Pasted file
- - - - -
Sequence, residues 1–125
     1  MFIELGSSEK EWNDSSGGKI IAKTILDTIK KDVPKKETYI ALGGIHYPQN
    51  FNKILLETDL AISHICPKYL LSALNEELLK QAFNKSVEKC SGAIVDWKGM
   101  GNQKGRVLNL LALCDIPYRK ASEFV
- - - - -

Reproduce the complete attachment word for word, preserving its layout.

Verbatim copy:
Sequence, residues 1–125
     1  MFIELGSSEK EWNDSSGGKI IAKTILDTIK KDVPKKETYI ALGGIHYPQN
    51  FNKILLETDL AISHICPKYL LSALNEELLK QAFNKSVEKC SGAIVDWKGM
   101  GNQKGRVLNL LALCDIPYRK ASEFV